Katrina and the aforementioned disasters are blamed on human error, whether it is by public officials or the victims of the tragedy. This does not lead to a better understanding on why such disasters occurred after a survey of the “solutions” offered by the bosses. Increase federal funding for disaster relief, pump up investment into new Life Saving Technology™, or for the environmentally conscious, purchase recycled goods and use public transport to reduce your carbon footprint.
Tornadoes are something different. The violent winds are personified into conscious beings, who go on rampages and live on destruction. The kind of damage a tornado might inflict can’t be known till it touches ground and its path is anyone’s guess. Tornadoes are seen as something so outside of human control, that the damage and death is viewed as a given. Images on the television of homes and communities being completely flattened maybe tragic, but nothing unexpected.
The effects of natural disasters are dependent on the social arrangements in which people carry on their lives. Tornadoes are no exception.
Torn from the Same Cloth
One similarity that is noticed is the victims of tornadoes are overwhelmingly the most victimized of capitalist society. The average per capita income of the populations of the most devastated areas of the recent surge of tornado activity is $16,958.5
As mentioned previously, the majority of the known victims lived in mobile homes. It is no great discovery to point out that mobile homes are in greater danger of being destroyed than other structures, even by weak EF-0 tornadoes
What is not asked is why are so many people living in mobile homes, and why in areas that are susceptible to destruction? Reformers see the problem being in the poor quality of the design of the home, thus the solution is to build better quality homes or sell shelters. Others may advocate raising the living standards of the victims, so they can eventually move to better areas. These solutions obviously miss the point, because there is a complete lack of understanding of the social dynamics at play.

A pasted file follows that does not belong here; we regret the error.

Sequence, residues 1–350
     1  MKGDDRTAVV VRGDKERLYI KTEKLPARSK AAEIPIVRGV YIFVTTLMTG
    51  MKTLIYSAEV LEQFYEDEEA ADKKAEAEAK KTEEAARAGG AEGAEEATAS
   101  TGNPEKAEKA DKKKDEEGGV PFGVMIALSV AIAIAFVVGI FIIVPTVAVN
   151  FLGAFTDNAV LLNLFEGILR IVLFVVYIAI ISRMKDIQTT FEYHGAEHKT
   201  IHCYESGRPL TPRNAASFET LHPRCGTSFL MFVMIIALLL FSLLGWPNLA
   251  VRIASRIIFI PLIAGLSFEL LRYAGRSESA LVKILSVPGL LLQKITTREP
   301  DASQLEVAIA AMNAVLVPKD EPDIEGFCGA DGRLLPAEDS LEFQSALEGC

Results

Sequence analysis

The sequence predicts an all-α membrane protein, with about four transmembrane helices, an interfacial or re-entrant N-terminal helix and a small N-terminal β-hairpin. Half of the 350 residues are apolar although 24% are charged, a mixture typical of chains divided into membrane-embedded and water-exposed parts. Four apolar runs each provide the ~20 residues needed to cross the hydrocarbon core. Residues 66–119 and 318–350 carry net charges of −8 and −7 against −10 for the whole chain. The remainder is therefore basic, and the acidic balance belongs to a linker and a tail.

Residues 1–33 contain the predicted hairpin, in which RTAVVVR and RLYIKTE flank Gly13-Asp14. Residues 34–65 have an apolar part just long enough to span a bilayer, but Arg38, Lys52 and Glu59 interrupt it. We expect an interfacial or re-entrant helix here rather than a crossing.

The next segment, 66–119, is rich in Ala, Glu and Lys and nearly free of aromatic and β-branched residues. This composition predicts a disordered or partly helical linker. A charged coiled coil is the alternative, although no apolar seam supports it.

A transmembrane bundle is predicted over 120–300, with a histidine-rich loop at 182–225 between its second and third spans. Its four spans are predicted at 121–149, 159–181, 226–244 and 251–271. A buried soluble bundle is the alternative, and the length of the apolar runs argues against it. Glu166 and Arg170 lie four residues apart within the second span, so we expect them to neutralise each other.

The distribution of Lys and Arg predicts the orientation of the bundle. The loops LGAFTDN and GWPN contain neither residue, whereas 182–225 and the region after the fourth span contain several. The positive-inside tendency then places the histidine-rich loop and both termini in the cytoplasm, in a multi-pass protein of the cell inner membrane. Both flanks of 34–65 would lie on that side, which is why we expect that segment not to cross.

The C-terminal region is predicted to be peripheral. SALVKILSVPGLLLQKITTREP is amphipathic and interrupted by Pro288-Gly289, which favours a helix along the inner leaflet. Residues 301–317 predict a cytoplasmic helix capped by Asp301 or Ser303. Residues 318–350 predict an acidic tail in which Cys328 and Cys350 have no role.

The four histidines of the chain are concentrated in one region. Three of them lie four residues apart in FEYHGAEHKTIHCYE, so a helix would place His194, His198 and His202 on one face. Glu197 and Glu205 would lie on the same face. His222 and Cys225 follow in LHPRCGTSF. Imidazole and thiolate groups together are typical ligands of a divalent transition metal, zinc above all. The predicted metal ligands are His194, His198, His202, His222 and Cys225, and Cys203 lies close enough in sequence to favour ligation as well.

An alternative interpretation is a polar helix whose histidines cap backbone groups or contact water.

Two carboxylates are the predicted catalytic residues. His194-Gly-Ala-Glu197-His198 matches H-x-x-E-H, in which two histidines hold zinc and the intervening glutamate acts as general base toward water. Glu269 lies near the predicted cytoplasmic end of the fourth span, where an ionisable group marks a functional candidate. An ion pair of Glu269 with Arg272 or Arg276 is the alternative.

Mobile homes are of obvious poor quality and poor design. Why? The only way we can understand is to understand how this is a predictable and necessary consequence of the capitalist mode of production.
Tornado activity is most frequent in the southern United States. The South has historically and remains less developed industrially as the northern United States. An exception to this is the “industrialization of agriculture”, which has thrown many people out of work, depresses the wages of farm work (which is often done by immigrants who are exploited even further by threat of blackmail), and absorbs large amounts of natural wealth such as land and water (the South often experiences “droughts” and public officials urge conservation, which means making sure enough water is available for agribusiness).
A large industrial reserve army exists in the South, and there is little sign they will be called to service any time soon. Their poverty and poor living conditions are imposed upon by the capitalist system. Sometimes, they are referred to by the classist slur “white trash”, which reflects the material reality that capitalism has tossed them out and has no more use for them.
The povertised residents of the rural South encounter other issues that are specific to capitalist production and class society. The clear conflict between “town and country” is exposed in the infrastructure found in rural communities, especially poor rural communities. Roads are few, those that do exist are often in disrepair. Mobile home communities, colloquially known as “trailer parks”, brings together people close together in high concentrations. In case of a tornado or storm, electrical infrastructure can be damaged and made completely inoperable, preventing warnings from reaching the residents. Plumbing and communication can also be rendered useless. Houses turn into coffins.